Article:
Client Update: Energy – Queensland bans nuclear facilities
1 March 2007
In brief: The Queensland Government has legislated to ban the construction or operation of nuclear facilities in the state. As Partner Ken MacDonald (view CV) and Lawyer John Hedge report, this was prompted by the Federal Government's moves to consider the use of nuclear energy to help meet Australia's future energy needs.
How does it affect you?
- The legislation prohibits construction or operation of nuclear reactors, nuclear waste storage sites and other nuclear facilities in Queensland.
- The legislation does not prohibit uranium mining or exploration, but also does not alter the Queensland Government's current policy of not allowing uranium mining.
The Nuclear Facilities Prohibition Act 2007 (Qld) (the Act) is a reaction to the recent report by the Uranium Mining, Processing and Nuclear Energy Review Task Force (Uranium Mining, Processing and Nuclear Energy Opportunities for Australia?), commissioned by the Commonwealth Government, which made key findings including:
- increased uranium mining and involvement in downstream steps of uranium conversion, enrichment and fuel fabrication could add significant value to the Australian economy;
- in one scenario, 25 nuclear reactors could be producing about a third of Australia's electricity by 2050; and
- Australia has areas that are suitable for nuclear waste repositories.
The Act prohibits the construction or operation of nuclear facilities, which include nuclear reactors, nuclear fuel enrichment facilities and reprocessing plants, and nuclear waste storage or disposal facilities. The Act prevents development approvals and mining tenements from authorising the construction or operation of nuclear facilities and prevents electricity generating authorities from authorising the connection to the electricity grid of nuclear reactors.
There are exceptions for storage or disposal of radioactive waste material resulting from the use of nuclear material for research or medical purposes, other purposes authorised under the Radiation Safety Act 1999 (Qld), or the operation of a nuclear-powered vessel.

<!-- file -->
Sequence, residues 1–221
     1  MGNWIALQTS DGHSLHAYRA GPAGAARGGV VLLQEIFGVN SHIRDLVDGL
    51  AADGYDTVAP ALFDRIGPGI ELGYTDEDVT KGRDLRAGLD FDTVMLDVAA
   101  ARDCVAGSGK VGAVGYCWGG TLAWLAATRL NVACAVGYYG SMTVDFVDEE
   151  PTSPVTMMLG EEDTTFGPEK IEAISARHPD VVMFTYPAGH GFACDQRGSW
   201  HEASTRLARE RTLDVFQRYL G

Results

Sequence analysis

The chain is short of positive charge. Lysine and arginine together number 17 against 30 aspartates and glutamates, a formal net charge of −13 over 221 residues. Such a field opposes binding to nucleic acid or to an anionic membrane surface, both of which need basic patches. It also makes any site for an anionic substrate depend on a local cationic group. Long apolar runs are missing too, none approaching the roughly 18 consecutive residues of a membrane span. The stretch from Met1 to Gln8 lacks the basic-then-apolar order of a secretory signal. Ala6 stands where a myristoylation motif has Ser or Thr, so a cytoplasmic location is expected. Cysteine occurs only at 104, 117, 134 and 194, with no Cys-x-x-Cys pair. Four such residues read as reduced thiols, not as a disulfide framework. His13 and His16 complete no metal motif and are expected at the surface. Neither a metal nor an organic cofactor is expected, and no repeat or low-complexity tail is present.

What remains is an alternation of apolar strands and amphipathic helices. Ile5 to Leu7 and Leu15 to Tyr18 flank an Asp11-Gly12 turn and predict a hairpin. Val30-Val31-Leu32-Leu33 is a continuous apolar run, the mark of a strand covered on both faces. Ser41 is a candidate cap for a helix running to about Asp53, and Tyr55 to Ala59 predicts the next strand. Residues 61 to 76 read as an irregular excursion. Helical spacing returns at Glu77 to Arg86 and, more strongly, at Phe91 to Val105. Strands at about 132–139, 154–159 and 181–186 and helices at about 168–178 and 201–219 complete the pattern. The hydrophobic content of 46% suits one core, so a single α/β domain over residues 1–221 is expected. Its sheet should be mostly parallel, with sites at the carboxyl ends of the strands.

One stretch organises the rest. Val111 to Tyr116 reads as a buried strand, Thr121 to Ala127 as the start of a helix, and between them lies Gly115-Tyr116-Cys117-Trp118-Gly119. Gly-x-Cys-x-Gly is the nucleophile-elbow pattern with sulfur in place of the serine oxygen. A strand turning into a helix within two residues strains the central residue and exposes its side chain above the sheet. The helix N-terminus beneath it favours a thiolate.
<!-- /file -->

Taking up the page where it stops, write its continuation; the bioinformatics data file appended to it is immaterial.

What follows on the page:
The Act provides various enforcement mechanisms for preventing or remedying activities conducted in breach of the ban, including restoration and rehabilitation orders.
Exploration and mining for uranium are not prohibited by the Act. However, the Act does not alter the Queensland Government's current policy of not allowing uranium mining, although that stance may change, depending on the outcome of the Australian Labor Party's national conference in April 2007.
There has been conjecture that, if it desired, the Federal Government could overturn Queensland's prohibition laws and similar legislation in New South Wales and Victoria (both of which also extend to prohibiting uranium exploration and mining) by enacting inconsistent Commonwealth legislation supported by other constitutional heads of power (such as the power to make laws in relation to trading and financial corporations).
However, the Act also provides that if the relevant Minister is satisfied that the Federal Government has taken, or is likely to take, any step supporting or allowing the construction of a prohibited nuclear facility in Queensland, a plebiscite or referendum regarding the construction of a prohibited nuclear facility may be held. While even an overwhelming vote against a proposed facility would not prevent the law being overturned, it may make doing so a very difficult political decision for the Federal Government.
- Ken MacDonaldConsultant,
Ph: +61 7 3334 3328
- Nic ToléPartner,
Ph: +852 2903 6237
- David MaloneyPartner,
Ph: +61 2 9230 4724